A potter used to be an indispensable member of an Alabama community. Potter’s jars were used to store things we keep in the refrigerator. The potter provided the everyday dishes, pots, pans, plates, and cups that a family would use.
Alabama’s longest running family of potters were featured in the Alabama Public Television documentary “Miller’s Pottery: Turning For Generations” in 1997. The documentary was produced by Max Shores of the University of Alabama Center for Public Television and Radio.
Eric Miller and his son, Steve, are continuing a tradition begun in 1865 by Abraham Miller, a Pennsylvania man who moved to Alabama at the close of the Civil War. The Millers dig clay from a pit in Perry County, mill it, turn it, and fire it into pitchers, churns, piggy banks and other items in Brent, Alabama.
“The first step is to wet the clay and put it into a mill that mixes it to a fairly uniform consistency,” says Shores, who produced the documentary. “The old mills were mule powered, but the Millers have an electric motor running their clay mill now.”
70 to 100 pound chunks of clay are taken from this mill and then run through a filter mill which is designed to removed rocks and debris. A third mill removes pockets of air from the material. Clay which has been processed in this manner is ready to be shaped on a potter’s turning wheel.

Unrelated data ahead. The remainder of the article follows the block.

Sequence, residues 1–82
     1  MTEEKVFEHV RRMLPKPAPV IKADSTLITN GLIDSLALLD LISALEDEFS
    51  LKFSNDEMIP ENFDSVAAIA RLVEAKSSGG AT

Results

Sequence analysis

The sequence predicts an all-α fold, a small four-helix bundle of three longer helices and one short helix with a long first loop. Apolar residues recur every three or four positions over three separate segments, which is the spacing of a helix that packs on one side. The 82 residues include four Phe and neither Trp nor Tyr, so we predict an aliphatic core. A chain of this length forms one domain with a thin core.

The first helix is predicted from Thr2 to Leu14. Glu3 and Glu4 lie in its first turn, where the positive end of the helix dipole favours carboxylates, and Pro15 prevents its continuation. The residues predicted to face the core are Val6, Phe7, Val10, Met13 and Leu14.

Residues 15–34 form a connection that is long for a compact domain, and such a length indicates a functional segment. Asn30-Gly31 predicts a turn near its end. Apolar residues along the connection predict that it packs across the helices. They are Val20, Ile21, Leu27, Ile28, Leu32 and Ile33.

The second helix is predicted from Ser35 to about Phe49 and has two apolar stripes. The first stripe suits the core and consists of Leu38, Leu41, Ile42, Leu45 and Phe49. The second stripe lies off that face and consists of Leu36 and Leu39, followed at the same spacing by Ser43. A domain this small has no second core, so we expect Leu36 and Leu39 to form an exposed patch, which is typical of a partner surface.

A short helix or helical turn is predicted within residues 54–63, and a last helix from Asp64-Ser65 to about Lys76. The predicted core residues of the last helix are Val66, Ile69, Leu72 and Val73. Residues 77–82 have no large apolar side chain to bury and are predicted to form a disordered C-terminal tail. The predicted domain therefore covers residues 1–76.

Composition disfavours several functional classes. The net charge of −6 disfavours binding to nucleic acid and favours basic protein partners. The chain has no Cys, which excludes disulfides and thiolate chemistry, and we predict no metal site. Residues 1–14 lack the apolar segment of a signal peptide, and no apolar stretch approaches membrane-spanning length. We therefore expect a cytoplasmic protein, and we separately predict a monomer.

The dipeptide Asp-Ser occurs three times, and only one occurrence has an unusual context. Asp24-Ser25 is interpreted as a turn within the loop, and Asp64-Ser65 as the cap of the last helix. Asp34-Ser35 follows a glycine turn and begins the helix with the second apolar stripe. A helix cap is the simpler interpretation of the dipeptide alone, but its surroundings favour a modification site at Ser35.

“The Millers sell a lot of their processed clay to artist supply stores and educational institutions,” Shores explains. “It is highly praised by artists who turn pottery but avoid the hard labor involved in preparing the clay.”
Most of the items made by the Millers are turned on a wheel, dried for several weeks, and then fired in a kiln in a process that lasts three days. This work kept generations of the Miller family busy from the 1800’s through the 1970’s when they sold as many as 6,000 flower pots each month. However, demand for stoneware has fallen off since then. Today the Millers market their pottery at craft shows and to curious visitors at their pottery shop.
“The Millers are really a great treasure,” says Shores. “Meeting them and watching them work you feel a link with the old days when our ancestors relied on pottery items for their survival, and through the sale of their pottery they allow us to bring a little piece of that feeling home.”
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